Fight to keep St Michael's Care Home open is lost
A CITY care centre faces almost certain closure – despite fears that vulnerable residents cannot be given the same quality service in their own homes.
Stoke-on-Trent City Council is to shut the 30-bed rehabilitation centre at St Michael's, in Chell, to save an initial £883,000 as part of £21.1 million cuts.
A scrutiny committee responsible for examining the plans voted in favour of closure. But two members of the ruling Labour group refused to support it.
The city council says it can provide a better and cheaper rehabilitation service in people's own homes and that half of the 60 staff affected may be employed in the new home-based service.
Business Cards From Only £10.95 Delivered www.myprint-247.co.ukView details
Our heavyweight cards have FREE UV silk coating, FREE next day delivery & VAT included. Choose from 1000's of pre-designed templates or upload your own artwork. Orders dispatched within 24hrs.
Terms: Visit our site for more products: Business Cards, Compliment Slips, Letterheads, Leaflets, Postcards, Posters & much more. All items are free next day delivery. www.myprint-247.co.uk
Contact: 01858 468192
Valid until: Friday, May 31 2013
St Michael's helps vulnerable patients rehearse basic skills before returning home, usually after a spell in hospital.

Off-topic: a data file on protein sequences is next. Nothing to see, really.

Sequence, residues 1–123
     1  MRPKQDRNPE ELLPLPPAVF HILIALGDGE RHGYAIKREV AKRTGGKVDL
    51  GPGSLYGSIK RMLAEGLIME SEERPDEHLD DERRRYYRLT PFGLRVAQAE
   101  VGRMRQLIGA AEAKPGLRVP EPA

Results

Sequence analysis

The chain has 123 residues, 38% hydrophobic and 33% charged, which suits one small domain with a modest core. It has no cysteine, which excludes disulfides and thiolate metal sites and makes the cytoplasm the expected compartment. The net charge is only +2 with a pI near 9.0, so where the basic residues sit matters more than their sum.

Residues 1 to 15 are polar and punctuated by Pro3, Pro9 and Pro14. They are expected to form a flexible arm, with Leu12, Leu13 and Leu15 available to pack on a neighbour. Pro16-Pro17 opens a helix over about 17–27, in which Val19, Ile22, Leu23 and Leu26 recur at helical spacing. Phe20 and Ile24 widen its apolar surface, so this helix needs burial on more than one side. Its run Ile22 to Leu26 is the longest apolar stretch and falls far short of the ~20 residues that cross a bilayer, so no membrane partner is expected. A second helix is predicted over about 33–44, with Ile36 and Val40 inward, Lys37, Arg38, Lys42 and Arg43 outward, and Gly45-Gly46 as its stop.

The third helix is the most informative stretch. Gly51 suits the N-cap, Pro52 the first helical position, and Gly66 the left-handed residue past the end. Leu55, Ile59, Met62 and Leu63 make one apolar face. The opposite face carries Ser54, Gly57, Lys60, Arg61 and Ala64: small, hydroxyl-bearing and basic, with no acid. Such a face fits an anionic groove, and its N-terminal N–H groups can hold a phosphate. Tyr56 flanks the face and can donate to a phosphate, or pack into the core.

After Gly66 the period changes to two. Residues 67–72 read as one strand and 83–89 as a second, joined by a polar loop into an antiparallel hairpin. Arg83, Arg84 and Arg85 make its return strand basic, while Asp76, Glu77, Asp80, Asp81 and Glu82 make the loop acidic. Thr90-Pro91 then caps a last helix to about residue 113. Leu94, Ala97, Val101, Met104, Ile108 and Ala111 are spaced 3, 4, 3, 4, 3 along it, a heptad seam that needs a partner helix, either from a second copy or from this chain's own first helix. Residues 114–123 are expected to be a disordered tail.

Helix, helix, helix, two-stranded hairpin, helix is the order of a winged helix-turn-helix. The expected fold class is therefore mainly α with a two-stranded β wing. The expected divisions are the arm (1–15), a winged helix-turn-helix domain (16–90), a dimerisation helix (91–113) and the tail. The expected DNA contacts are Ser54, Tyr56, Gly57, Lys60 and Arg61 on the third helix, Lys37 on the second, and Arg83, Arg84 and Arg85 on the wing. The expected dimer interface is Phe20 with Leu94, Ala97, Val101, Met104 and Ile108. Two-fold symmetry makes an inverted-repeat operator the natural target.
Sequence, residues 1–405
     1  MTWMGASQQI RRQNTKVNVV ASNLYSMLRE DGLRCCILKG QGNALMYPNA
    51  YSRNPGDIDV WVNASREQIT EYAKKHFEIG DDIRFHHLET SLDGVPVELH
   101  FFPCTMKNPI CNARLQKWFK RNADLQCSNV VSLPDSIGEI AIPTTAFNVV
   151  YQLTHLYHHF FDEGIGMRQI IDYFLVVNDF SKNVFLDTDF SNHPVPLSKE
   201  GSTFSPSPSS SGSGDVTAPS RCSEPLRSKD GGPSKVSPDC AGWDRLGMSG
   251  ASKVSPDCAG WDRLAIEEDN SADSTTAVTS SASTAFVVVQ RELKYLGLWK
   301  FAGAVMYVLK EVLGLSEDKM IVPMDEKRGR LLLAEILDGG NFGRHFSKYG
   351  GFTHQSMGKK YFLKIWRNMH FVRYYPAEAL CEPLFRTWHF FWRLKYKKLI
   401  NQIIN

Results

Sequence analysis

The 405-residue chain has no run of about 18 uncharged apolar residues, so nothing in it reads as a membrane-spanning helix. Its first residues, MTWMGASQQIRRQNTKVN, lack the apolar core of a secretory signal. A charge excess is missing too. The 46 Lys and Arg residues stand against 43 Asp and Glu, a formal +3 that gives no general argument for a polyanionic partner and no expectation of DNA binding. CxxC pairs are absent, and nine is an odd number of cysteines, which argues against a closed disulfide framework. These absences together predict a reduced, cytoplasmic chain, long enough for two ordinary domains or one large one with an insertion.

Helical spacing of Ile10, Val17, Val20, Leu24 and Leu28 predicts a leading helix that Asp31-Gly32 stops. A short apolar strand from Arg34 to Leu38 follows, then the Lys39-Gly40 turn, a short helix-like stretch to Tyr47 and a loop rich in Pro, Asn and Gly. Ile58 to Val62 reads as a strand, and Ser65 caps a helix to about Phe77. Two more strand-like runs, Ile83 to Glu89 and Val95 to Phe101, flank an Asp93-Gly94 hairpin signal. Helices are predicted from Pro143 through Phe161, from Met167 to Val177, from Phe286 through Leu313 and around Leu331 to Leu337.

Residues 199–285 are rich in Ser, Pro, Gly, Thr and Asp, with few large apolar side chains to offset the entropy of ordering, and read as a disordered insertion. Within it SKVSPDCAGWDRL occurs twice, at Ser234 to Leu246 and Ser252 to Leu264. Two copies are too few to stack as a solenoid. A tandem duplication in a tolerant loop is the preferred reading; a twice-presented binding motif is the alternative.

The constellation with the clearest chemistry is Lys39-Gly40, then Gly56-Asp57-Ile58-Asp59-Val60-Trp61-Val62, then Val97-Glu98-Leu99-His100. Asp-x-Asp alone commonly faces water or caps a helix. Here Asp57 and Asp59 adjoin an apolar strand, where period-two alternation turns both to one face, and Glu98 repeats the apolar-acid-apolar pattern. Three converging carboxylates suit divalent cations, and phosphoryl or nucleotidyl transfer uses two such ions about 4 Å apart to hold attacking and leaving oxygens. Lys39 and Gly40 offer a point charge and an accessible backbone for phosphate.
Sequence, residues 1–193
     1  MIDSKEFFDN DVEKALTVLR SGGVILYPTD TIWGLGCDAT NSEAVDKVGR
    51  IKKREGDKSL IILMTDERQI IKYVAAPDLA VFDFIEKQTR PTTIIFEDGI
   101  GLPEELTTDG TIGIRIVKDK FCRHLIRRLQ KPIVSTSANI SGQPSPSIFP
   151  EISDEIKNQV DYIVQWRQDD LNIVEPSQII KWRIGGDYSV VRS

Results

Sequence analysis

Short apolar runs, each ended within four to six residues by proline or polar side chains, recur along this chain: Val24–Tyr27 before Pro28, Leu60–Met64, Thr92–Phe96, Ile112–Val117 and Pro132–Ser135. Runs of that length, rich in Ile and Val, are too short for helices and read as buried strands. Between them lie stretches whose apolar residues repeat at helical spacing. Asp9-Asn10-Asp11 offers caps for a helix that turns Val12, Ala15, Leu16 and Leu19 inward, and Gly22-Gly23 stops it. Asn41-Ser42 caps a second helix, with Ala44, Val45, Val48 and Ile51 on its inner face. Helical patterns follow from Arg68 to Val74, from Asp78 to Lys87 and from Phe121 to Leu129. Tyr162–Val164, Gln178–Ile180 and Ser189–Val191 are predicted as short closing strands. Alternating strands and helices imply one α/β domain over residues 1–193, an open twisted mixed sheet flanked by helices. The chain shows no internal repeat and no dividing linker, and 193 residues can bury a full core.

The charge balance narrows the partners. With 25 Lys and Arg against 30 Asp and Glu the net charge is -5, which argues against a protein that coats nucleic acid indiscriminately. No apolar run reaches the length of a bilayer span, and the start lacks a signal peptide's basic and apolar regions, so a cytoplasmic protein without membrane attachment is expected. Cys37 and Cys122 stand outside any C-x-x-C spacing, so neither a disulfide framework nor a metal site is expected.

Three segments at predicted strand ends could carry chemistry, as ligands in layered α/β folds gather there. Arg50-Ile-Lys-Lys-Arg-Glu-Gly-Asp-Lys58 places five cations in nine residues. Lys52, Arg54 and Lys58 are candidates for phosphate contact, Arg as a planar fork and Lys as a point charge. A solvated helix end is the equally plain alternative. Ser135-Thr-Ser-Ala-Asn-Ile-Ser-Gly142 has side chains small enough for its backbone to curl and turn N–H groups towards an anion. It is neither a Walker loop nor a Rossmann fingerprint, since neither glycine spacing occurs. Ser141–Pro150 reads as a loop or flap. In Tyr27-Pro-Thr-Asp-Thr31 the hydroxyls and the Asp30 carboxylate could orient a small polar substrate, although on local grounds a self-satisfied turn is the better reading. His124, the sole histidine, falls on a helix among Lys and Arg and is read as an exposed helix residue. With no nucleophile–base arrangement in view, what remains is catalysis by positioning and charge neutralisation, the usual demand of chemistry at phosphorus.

Labour's Debra Gratton, who was censured for walking out of last year's budget vote, joined independent councillors Jackie Barnes and Ann James to vote against closure.
Mrs Gratton said: "I'm not convinced it can make a cost saving in the long run with the information officers have provided.
"They haven't convinced me this service will be better in the community.
"The work they do is very important. You don't necessarily get fit when you are medically fit.
"If somebody has broken their hip or had an accident they have to relearn how to stand up, how to walk alone, how to get upstairs. It doesn't come naturally.
"They have access to 24-hour support, occupational therapy and physios and I don't see how the same can be done in people's homes."
Fellow Labour councillor Debbie Wheeldon also abstained, but the cut was passed by four votes to three.
Olwyn Tams, who has collected a signature of more than 1,000 names against the closure, told the committee: "Vulnerable people have very different social care needs which can't always be met safely without 24-hour supervision.
"Closing St Michael's will be a false economy and in another 12 months it will cost the council dearly.
"Some of the people who go into St Michael's need 24-hour care and the cost of providing that in people's homes will be much greater."
The committee heard from Jenny Jones, aged 50, who has been at St Michael's since suffering a brain aneurysm while living with a friend in Norton.
She said: "My friend's home is not appropriate for my needs and, without St Michael's, I would have had nowhere else to go.
"I have still got a long way to go, but what I have witnessed in that centre is absolutely outstanding care.
"The work they are doing is fantastic and those carers deserve to keep their jobs and for that centre to stay open."
Christine Whitehead, assistant director of adult social care, said: "A lot of people don't need 24-hour services and we will make sure there is 24-hour support for those who need it.
"St Michael's has provided a good service but it's not cost effective. It's very expensive and by investing some of that money we can provide as good and I would argue a better service for people in their own homes."